36.8 % of homelessness in Australia (as documented by Homelessness Australia with data from the AIHW Specialist homelessness services data collection 2012-13) is caused by domestic and family violence. This is the most common cause.
Since February this year in just Melbourne alone, there have been 3 high profile cases of domestic violence leading to murder (Luke Batty, a women stabbed to death in Sunshine and 2 sisters murdered). These tragic events serve as an alarm siren for us in Australia to bring about change.
“If women and children were being abused and murdered by strangers at the rate at which they’re being abused and murdered by men in their family, there’d be taskforce, there’d be funding, there’d be political will”
The Lookout is a great place to go, for more info, help and support with this issue.
Lets talk about this issue and bring some light into this dark hidden place in Australian family life.
Raimundo Arruda Sobrinho was homeless in São Paulo, Brazil, for nearly 35 years, and became locally known for sitting in the same spot and writing every day. In April 2011, he was befriended by a young woman named Shalla Monteiro. Impressed by his poetry and wanting to help him with his dream of publishing a book, she created a Facebook Page to feature Raimundo’s writing. Neither could have expected what happened next.
It’s hard to know how to respond when you see a homeless person. Do you ignore them and just keep walking (they probably aren’t really homeless in the first place and just trying to scam you)? Do you buy them some food, cause you don’t want them to buy drugs or alcohol? Do you give them money? Do you stop and chat?
I don’t think there is ever really a clear cut answer as to how to respond. People will disagree as to what the right thing to do is. At The Intersection we try and challenge people to think about it from a different point of view. Do we really know what it is like to be homeless and what you might need if you are homeless? Would it matter if we gave them money and they went and bought drugs or alcohol? What do we buy with our money? Does anyone tell us how we are to spend our money? What would it mean if we acknowledged the homeless person? If we smiled at them? Talked to them about their day?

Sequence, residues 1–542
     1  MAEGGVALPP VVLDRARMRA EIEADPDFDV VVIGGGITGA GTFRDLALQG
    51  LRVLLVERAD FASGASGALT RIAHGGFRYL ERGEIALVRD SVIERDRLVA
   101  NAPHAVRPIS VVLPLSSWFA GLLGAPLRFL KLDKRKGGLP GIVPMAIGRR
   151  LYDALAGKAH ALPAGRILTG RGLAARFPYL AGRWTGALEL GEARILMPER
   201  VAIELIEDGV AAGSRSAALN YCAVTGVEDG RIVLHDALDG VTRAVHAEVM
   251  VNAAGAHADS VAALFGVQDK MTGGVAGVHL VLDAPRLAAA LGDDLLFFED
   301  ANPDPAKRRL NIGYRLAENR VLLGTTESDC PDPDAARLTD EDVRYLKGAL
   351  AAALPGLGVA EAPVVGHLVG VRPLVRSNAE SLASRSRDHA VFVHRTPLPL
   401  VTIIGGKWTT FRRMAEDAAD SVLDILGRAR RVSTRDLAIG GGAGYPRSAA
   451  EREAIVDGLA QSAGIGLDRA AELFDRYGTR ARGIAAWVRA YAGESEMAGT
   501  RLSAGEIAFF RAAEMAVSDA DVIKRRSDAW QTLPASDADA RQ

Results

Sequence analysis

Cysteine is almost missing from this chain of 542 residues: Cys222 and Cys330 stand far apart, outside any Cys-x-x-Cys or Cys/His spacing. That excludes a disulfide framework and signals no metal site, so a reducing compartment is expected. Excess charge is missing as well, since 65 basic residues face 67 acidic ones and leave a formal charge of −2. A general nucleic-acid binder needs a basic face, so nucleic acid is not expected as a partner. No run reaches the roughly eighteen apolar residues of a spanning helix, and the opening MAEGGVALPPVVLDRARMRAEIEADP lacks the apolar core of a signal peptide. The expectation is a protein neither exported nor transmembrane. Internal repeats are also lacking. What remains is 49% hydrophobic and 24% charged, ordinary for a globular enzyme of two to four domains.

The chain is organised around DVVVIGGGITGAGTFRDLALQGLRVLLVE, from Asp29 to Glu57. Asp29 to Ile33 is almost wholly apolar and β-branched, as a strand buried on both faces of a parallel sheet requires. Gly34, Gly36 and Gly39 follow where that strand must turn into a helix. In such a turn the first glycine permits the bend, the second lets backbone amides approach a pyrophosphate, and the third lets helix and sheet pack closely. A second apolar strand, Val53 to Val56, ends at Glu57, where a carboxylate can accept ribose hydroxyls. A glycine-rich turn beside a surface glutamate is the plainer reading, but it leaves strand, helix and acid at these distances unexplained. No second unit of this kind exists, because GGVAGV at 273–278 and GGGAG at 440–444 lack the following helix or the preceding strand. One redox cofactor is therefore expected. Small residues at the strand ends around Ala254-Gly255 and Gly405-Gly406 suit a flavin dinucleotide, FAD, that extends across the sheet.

Roman Krznaric (a cultural thinker and writer on the art of living. A founding faculty member of The School of Life in London, who advises organisations including Oxfam and the United Nations on using empathy and conversation to create social change), believes that empathy and empathic thinking can create social change. He says that empathy is more than just sympathy. It is the ability to powerfully imagine what it would be like to be in the shoes of another. In a recent blog post he challenges us to empathise with the telesales caller. He suggests that by merely imagining what the job might be like for them (made easier for him as he once was a telesales caller himself) and engaging in conversation with them will powerful revolutionise the world.
“So while part of me wants to immediately press the red button and end the call, I do my best to focus on the caller and treat them with decency. In an effort to make a personal connection, I sometimes find out their name and where they are phoning from, which can lead to surprising – if usually short – conversations about their lives, and my own. I nearly always tell them that I know what their job is like, because I’ve done it too, and I wish them well with the rest of their calls. Imagining myself into their lives and showing a little respect is the least I can do to bridge our faceless digital divide.
Such brief encounters with strangers may, at first glance, seem trivial affairs. But I believe they are the beginnings of a revolution that can weave the world together into an invisible tapestry of human connection.”